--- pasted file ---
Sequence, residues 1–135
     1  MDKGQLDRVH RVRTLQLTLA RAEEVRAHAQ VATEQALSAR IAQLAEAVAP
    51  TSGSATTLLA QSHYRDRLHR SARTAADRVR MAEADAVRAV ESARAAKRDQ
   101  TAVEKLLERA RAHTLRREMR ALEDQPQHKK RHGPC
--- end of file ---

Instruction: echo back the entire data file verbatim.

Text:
Sequence, residues 1–135
     1  MDKGQLDRVH RVRTLQLTLA RAEEVRAHAQ VATEQALSAR IAQLAEAVAP
    51  TSGSATTLLA QSHYRDRLHR SARTAADRVR MAEADAVRAV ESARAAKRDQ
   101  TAVEKLLERA RAHTLRREMR ALEDQPQHKK RHGPC